There were other, more immediate issues as well. Scholastic requirements already required of me were starting to increase greatly in pressure, and I also had my blog to keep up with. I was struggling to get out a review I had been planning for weeks, I was dealing with "recent blogger = no commenters" syndrome, and, most of all, I was starting to branch out to other aniblogs in full. I think that was what did it, specifically finding and reading 2D-Teleidoscope.

     2DT's blog has always been a bit of a bittersweet thing for me (I'll probably make a post on it sometime), but never more so than that it was that first time I read it. My life and blog issues had already gotten me quite stressed and depressed, but that experience was the straw that broke my proverbial back. I felt immense joy - and a sense of discovery usually reserved for those "special" anime shows - as I read the blog. I knew I was seeing something really special, something amazing, and that was the "sweet" part. But at the same time, I knew I was seeing something really special, something I couldn't hope to do. Over the course of two hours late one evening, as I read nearly every post on the blog, I saw what special was. In doing so, I fully (and quite consciously) realized that it wasn't me, and it never would be. I was not special. And I didn't know how to deal with it.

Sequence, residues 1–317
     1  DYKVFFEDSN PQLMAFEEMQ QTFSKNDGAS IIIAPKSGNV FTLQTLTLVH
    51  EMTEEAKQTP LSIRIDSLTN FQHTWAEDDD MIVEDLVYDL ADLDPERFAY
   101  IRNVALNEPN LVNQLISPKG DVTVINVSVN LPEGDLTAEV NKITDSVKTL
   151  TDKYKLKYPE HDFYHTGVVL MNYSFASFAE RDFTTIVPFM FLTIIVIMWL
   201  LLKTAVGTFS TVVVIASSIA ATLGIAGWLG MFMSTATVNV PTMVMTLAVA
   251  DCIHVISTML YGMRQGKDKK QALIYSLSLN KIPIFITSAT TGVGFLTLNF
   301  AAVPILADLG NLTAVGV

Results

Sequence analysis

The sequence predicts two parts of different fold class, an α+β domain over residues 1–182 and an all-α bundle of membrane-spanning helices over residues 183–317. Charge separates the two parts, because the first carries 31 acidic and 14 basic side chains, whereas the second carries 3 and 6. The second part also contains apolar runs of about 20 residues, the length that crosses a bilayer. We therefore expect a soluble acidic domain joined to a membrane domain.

So, much like Hotarou, the first thing I did was become angry. I spent a few hours that night just typing out rants about things I disliked, anything, using the blog as a springboard. I can't say I was fuming or lashing out at people or even getting worked up to the extent that Hotarou was. Heck, my siblings have given me a number of different titles (ranging from "robot" to "sociopath") for being outwardly quite emotionless. But inside, I was quite fired up, and it says a lot about the feeling that it elicited such an intense emotional response from me. That's probably why I could understand Hotarou's anger so well. The initial reaction for both of us was the same. I felt my ire rising, and though I knew I was really angry at myself, I felt the need to blame others for it, to lash out, to turn the focus away from myself, if only for a moment. Hotarou did that with Irisu, and I did it with society as a whole (the target of my still unpublished rant). But after the initial anger, all that was left was a feeling of self-loathing and emptiness.

I think Hotarou felt it too.